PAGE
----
Common hypo treatments are jelly babies, dextrose, small cans of soda, ... anything with fast acting glucose. Chocolate is not a good hypo treatment because the fat slows down the absorption of the glucose.

My next tip is to make sure you understand how much insulin to take, when to take it and what type of insulin it is (fast acting, slow acting or mixed insulin).

Finally, I would ask what to do with your insulin dose if things go awry (your BG is too high or too low). And make sure you have plenty of test strips to test when this happens.

Good luck and don't be afraid. People with type 1 take it all the time and some of us have lived for 50, 60, 70 years with it.
To be honest I am quite frightened by going on insulin and getting a Hypo Had a few in the pass and getting problems with the stomach infections from injections.

Do still have take tablets metformin and gliclazide?
 

Becka

Well-Known Member
does glucogel go off can’t find any Best before date
It is not something I have used to know specifically where to look, but there should be a date on both the tubes and box.

Being mostly glucose it should last a long time, as sugar is naturally a preservative. The problem is with the other ingredients. But it being kept in a sealed tube rather than a simple foil wrapper should prolong its life better than tablets.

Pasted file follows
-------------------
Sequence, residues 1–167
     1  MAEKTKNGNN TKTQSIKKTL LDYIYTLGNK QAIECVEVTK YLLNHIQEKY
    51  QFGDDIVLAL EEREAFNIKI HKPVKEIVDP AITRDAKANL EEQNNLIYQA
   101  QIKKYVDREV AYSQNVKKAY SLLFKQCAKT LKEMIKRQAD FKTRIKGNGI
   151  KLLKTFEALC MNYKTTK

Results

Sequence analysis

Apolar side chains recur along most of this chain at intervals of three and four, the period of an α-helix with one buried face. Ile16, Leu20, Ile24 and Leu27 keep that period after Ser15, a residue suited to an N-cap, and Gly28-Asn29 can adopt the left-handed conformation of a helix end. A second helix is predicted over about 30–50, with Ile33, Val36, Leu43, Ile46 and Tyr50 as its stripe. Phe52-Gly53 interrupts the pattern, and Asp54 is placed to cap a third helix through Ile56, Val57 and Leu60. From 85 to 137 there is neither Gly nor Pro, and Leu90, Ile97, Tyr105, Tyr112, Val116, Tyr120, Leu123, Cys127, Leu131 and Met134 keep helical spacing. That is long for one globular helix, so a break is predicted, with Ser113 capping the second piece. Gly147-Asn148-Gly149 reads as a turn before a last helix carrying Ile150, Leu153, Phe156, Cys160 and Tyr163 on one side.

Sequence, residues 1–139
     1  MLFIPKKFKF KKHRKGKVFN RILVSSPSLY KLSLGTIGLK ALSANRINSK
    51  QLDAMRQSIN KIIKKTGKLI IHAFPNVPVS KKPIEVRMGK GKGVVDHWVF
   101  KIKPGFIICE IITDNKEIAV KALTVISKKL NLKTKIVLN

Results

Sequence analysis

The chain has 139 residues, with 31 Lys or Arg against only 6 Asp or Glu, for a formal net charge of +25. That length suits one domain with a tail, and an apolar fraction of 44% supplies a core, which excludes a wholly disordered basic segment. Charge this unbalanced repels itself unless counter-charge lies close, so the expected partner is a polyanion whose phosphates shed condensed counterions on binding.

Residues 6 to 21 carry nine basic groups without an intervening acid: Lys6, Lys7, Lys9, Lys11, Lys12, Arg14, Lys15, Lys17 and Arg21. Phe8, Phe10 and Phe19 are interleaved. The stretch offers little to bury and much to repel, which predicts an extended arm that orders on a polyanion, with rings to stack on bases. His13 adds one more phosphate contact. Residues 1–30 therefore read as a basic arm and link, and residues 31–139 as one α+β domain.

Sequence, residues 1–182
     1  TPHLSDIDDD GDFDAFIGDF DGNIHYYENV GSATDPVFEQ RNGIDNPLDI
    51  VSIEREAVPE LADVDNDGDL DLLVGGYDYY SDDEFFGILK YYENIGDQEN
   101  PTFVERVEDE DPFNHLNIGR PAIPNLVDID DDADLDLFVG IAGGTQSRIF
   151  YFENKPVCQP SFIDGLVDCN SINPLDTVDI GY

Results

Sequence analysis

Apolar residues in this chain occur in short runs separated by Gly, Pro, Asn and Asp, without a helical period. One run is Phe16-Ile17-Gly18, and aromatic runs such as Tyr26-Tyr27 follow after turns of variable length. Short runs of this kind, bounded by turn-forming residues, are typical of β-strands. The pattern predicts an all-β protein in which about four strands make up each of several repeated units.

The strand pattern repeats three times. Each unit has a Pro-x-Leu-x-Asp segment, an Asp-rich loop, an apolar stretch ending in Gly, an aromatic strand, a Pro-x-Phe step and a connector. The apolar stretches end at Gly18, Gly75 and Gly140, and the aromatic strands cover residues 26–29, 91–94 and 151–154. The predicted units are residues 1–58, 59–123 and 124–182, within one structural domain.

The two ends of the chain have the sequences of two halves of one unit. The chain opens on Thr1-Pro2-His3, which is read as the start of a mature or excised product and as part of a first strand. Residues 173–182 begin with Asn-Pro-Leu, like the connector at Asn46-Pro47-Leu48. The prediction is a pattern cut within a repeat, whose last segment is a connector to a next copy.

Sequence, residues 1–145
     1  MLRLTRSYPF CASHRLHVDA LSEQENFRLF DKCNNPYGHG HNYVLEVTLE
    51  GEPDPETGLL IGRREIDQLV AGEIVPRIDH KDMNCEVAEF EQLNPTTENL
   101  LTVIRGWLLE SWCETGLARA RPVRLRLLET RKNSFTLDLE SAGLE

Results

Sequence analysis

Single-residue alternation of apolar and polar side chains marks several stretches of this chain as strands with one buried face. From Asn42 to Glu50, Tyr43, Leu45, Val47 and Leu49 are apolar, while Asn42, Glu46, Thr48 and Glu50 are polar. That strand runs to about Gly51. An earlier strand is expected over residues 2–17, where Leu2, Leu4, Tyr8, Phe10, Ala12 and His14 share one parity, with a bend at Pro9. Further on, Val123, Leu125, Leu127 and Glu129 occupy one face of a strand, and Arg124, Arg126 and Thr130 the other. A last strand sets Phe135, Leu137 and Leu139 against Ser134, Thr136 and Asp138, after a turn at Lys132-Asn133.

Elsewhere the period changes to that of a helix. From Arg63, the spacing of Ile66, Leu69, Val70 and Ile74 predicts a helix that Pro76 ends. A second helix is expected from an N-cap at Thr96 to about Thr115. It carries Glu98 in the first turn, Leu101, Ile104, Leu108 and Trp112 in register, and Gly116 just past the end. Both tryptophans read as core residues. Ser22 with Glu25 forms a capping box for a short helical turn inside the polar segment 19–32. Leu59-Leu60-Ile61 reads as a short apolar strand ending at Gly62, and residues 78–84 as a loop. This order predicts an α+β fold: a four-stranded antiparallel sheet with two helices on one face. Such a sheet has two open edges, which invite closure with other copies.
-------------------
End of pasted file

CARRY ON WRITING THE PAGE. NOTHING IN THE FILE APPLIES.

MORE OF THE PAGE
Sorry, I didn't mention this earlier. As I used to use dextrose, I use the term "dextrose" as others use the term "hoover" instead of "vacuum cleaner".
In fairness, you are using it correctly and it is the rest of us doing that. Dextrose is the name for the main form of glucose, whilst the brand of tablets we all call Dextrose is actually called Dextro Energy. But they are almost entirely made of dextrose.
 

helli

Well-Known Member
Relationship to Diabetes
Type 1
Do still have take tablets metformin and gliclazide?
As I have Type 1 with no insulin resistance, I have not taken tablets for my condition.
As for hypos, I find the fear of them is worse than the hypo if you have treatment close to hand.
They are never nice but treating them quickly helps overcome them.
 

everydayupsanddowns

Administrator
Staff member
Relationship to Diabetes
Type 1
Sorry to hear you are worried about beginning to take insulin @Totalwar

Perhaps experienced T2 insulin user @Ljc can put your mind at rest?